The golden marble of Chimtou was first quarried under Numidian King Micipsa (149 to 118 B.C.). Under Roman rule, the marble served as decoration in public buildings all over the empire, especially in Rome itself. The massive Roman exploitation is responsible for the marvellous scenery offered by the golden Chimtou marble cliffs.
5. GENERAL DESCRIPTION
5.1. Natural heritage
- Heritage: Archaeological
- Geography: High Mountain
- Site topography: Natural
- Climate and environmental conditions: General overview of the country: Winter rains fall over the northern highlands, with the highest readings along the coast. On parts of the Monts de la Mejerda and Mogod Mountains, annual falls of 1500 mm have been received in what is the wettest part of North Africa. However, at sea level, at Bizerte (37°18'N/9°52'E), mean annual precipitation is 625 mm, declining inland to 490 mm at Zaghouan (36°24'N/10°08'E) some 600 m asl, although again, higher falls are recorded on the nearby massif of Jebel Zaghouan (1294 m). Rainfall is 500 mm/yr at Makthar (35°50'N/9°12'E), 934 m asl, farther south and east, while at an altitude of 68 m asl on the central lowlands, Kairouan (35°42'N/10°01'E) receives an average of 286 mm/rain/yr. Off the east coast, Jerba Island has an average annual receipt of 207 mm/yr. Rainfall varies considerably from year to year, e.g. Makthar received over 900 mm in 1963-64, but only 400 mm in 1966-67. Coastal temperatures are moderated by cool sea breezes, but may occasionally be raised to extremes by a hot dust laden wind from the Sahara. August is the warmest month and mean daily maxima at the coast are then in the region of 31-33°C, while in the northern interior they are 36-38°C. January is the coldest month, when mean daily minima range from 7-8°C at the coast and 3-4°C in the northern interior. Summer temperatures in the far south may exceed 48°C.
- Geological and Geographical characteristics: Marble massif.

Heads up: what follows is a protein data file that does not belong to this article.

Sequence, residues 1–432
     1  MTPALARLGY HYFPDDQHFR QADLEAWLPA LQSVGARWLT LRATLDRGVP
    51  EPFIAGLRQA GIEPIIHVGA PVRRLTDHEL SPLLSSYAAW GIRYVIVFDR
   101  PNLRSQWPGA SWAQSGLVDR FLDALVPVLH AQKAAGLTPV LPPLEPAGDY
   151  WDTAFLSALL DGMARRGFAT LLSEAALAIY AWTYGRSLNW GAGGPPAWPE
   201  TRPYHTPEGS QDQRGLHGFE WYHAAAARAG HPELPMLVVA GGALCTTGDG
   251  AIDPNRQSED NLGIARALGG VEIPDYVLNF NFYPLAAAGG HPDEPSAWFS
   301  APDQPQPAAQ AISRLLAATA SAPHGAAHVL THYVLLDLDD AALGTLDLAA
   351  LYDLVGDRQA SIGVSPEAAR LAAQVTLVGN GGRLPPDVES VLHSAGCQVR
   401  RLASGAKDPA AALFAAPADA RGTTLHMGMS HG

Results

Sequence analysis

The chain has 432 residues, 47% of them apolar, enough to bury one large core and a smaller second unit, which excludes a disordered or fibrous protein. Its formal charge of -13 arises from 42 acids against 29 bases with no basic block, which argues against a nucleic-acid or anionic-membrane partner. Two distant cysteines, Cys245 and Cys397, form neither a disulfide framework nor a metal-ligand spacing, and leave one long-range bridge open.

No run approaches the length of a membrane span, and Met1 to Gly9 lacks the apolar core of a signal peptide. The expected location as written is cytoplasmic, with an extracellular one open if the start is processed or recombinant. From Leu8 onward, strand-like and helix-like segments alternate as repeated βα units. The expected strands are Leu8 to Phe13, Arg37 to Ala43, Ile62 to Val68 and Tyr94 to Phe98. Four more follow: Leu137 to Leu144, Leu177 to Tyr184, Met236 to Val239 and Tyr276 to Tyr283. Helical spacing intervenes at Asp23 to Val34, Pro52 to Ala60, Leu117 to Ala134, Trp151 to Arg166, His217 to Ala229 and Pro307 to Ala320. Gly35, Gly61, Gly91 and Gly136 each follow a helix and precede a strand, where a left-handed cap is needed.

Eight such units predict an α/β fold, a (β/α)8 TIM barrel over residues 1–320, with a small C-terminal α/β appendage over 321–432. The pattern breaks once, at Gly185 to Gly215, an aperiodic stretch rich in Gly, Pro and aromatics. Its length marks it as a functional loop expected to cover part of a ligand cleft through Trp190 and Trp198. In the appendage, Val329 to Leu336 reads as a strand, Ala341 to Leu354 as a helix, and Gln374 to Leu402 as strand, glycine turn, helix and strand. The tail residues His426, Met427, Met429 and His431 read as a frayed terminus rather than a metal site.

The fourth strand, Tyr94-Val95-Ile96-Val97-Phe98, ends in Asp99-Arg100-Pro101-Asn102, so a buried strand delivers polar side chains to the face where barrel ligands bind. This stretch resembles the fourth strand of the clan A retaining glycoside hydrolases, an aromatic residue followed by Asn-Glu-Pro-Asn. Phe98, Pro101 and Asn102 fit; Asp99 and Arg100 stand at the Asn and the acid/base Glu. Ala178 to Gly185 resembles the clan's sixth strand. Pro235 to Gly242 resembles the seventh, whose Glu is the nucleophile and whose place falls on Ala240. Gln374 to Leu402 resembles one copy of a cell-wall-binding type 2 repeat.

Land uses and economical activities:The economy of ancient Simitthus (Chimtou) benefited from the quarries because they required a series of activities which were not performed by forced labourers, but by technicians, accountants and sailors. In 27 AD Simitthus acquired the status of colonia which indicates that many of its inhabitants were Roman citizens. The town had a large forum, the size and location of which have been clearly identified, although the only remaining building is a massive apse of a basilica.
Agricultural issues or other traditional productions and their effect on the landscape:In addition the land along the Mejerda River was fertile and its crops were exported to Rome.
Summary of Landscapes values and characteristics:
The massive Roman exploitation is responsible for the marvellous scenery offered by the golden Chimtou marble cliffs. Also there are several ancient remains quite well preserved. They are an unequalled testimony of the extraction and transport techniques implemented during the Roman Empire.
5.2. Cultural Heritage
A) Related to current constructions, buildings and art pieces in general
Architectonical elements /Sculptures:
The spread of the use of marble all over the mediterranean area was very significant in the development of the architectural ornaments of the Roman Empire.
In the case of gardens: original and current style:It is not the case.
Man-made elements related to water management:
B) Related to ancient remains
- Archaeological components: